If you don’t want to know…

October 6, 20207:08 amLeave a Comment

As you may know if you read this blog regularly, I work with a fantastic bunch of people who have a depth and breadth of knowledge and passion for their work which never fails to impress me.

Photograph of Di Stiff: Collections Development Archivist, Surrey History Centre

Di Stiff: Collections Development Archivist

My colleague Di Stiff is our Collections Development Archivist and has worked at Surrey History Centre for nearly 22 years. She particularly focuses on raising awareness of Surrey’s diverse communities and developing under-represented areas of the collections.  Di has, like many of us, been somewhat ‘confined to barracks’ over the last few months.  Of course, that has not stopped her taking daily exercise and again, like a lot of us, discovering things in our neighbourhoods that we had perhaps overlooked before.  Here are her experiences of researching a cause dear to her heart and finding a wonderful story on her own doorstep!

A couple of weeks ago while strolling through Dorking Cemetery, I stumbled across the grave of John Henry Lance, a Dorking abolitionist, who died at Holmwood 12 Jan 1878. The grave stone states that he was ‘Commissary judge for the suppression of the slave trade in Surinam’.  After the exclamations of ‘who knew?!’ and ‘where is Surinam?’, I ploughed through the usual online genealogy sites and found enough for me to be able to compile a feature for our Exploring Surrey’s Past ‘Abolitionists in Surrey’ page (coming soon).

Photograph of John Henry Lance's Grave, Dorking Cemetery

John Henry Lance’s Grave, Dorking Cemetery

However, I did a more rigorous search online and more interestingly, I happened upon a somewhat unusual website called ‘Slaves and Highlanders’ – unusual in that being descended from a slave owner may not be something one might readily know, admit, or want to pursue.  However, it is exactly the type of ‘skeleton in the closet’ that many family historians may have been confronted by and perhaps have been conflicted about.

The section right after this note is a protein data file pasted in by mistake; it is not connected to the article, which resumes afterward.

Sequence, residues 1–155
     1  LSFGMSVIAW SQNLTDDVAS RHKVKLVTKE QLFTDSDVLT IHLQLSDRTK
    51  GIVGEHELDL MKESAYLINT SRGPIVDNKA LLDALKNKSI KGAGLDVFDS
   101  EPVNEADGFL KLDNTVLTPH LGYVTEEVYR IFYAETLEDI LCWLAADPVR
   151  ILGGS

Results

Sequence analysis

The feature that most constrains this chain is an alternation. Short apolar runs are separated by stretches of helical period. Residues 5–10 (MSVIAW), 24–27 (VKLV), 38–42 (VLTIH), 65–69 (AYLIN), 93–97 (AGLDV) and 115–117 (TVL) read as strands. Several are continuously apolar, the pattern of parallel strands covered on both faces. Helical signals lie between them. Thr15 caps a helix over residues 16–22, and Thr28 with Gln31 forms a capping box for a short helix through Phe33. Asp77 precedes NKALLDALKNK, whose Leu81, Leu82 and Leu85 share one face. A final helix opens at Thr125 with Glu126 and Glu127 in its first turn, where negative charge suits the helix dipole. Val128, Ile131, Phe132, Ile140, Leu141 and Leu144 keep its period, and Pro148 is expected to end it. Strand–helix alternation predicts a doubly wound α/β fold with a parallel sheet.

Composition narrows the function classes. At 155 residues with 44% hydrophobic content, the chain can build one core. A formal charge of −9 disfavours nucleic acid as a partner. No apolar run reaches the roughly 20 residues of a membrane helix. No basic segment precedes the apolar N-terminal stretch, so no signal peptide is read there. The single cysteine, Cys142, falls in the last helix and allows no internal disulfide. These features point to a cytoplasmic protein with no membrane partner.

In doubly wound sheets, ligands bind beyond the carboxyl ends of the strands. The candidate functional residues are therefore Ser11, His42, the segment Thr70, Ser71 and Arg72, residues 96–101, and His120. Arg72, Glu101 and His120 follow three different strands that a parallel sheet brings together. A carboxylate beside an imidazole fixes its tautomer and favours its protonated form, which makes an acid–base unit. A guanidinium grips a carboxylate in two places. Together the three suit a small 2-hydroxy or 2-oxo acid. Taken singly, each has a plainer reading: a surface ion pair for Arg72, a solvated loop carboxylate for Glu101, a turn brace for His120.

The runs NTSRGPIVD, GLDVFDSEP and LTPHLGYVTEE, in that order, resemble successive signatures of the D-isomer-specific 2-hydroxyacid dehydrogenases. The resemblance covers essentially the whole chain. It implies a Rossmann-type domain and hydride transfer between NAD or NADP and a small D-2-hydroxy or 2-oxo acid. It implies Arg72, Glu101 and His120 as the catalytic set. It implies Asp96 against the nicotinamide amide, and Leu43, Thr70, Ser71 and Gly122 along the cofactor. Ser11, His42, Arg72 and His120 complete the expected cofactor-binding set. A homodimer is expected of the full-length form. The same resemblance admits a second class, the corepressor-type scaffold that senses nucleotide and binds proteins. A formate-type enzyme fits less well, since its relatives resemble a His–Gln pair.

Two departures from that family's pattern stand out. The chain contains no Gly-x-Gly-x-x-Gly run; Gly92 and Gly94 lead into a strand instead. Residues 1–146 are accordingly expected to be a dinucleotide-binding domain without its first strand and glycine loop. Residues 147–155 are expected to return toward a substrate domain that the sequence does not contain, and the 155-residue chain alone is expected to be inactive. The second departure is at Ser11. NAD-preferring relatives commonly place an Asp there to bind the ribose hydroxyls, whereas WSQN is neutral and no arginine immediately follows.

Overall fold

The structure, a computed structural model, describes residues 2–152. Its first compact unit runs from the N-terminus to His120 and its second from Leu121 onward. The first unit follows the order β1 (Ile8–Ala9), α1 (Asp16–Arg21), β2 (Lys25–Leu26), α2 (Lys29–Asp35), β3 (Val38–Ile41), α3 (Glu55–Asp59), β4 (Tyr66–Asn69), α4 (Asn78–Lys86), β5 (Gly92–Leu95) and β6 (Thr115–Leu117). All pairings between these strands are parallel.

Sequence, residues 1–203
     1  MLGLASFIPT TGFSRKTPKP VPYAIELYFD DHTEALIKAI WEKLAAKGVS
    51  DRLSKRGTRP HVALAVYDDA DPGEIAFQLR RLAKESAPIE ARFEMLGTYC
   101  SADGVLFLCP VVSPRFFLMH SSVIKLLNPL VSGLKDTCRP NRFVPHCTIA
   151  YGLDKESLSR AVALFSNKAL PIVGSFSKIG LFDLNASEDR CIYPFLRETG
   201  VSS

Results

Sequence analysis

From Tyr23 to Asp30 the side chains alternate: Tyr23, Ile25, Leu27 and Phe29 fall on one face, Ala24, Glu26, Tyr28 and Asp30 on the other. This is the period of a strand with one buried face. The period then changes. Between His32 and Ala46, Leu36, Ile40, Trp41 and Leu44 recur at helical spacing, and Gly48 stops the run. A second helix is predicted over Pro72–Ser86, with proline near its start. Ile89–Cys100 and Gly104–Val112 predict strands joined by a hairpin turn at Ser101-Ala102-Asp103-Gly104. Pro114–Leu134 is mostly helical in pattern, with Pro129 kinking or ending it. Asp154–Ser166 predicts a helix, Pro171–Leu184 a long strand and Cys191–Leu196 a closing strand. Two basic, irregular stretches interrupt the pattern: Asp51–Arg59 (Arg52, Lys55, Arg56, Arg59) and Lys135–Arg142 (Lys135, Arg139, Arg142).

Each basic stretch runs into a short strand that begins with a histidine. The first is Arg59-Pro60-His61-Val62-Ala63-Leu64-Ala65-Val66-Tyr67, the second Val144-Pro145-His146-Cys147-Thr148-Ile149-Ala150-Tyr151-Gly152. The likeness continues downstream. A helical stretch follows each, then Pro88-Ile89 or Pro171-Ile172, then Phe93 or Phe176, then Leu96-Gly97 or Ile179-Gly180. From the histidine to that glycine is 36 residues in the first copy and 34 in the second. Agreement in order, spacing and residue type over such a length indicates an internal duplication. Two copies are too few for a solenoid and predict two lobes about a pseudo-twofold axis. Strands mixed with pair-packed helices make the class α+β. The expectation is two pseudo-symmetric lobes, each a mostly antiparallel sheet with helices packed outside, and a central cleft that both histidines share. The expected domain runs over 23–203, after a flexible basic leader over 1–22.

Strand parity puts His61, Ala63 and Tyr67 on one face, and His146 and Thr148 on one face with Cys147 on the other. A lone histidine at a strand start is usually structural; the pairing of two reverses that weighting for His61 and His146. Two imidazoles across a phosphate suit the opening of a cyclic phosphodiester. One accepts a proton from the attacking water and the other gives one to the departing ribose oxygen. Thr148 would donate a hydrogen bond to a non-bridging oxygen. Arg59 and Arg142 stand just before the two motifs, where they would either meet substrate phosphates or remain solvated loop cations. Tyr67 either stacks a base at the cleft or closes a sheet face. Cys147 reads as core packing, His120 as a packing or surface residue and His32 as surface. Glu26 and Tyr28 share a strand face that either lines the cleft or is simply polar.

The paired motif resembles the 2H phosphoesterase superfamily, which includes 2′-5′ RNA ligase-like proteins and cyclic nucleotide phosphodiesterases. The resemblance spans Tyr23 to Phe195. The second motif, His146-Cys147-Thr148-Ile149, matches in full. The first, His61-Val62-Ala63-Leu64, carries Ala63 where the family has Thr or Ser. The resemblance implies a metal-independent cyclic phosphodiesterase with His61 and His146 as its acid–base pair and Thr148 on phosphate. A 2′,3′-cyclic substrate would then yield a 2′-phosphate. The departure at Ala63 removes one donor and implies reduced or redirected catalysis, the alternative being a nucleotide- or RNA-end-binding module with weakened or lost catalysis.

That aside, this website is a fantastic resource for anyone with Scottish ancestry, especially the Clans, as it includes indexes of families and individuals who owned, or were involved in the slave trade, and more incredibly, features information about the enslaved themselves https://www.spanglefish.com/slavesandhighlanders/index.asp?pageid=606699.  Lance features on the website because in 1823 he had cause to report on one Adam Cameron, of the clan Cameron of Lochaber, a planter in Surinam, who had two children with a free woman of colour but also married a Dutch widow (Surinam being a Dutch colony).  

 Lance is just one Abolitionist with Surrey connections. October’s Marvel of the Month features others, including Dr Stephen Lushington, whose name appears on the 1866 memorial to emancipation in Westminster, alongside those of William Wilberforce and Thomas Fowell Buxton.

 It made me ponder whether some family historians might want to steer clear of this unpleasant area of their family history but that actually, family history should be ‘warts and all’, so it is just as valid as any other area of our ancestors’ lives to research.  

 Asking the question ‘why did they own slaves?’ is an important one and can both lead to useful research sources to pursue and a greater understanding of the context and the plight of the enslaved.  And this is exactly the area of research which is opening up now with the growing awareness around making British Black History accessible and highlighting the treatment of Black, Asian and Minority Ethnic (BAME) people in the past and present.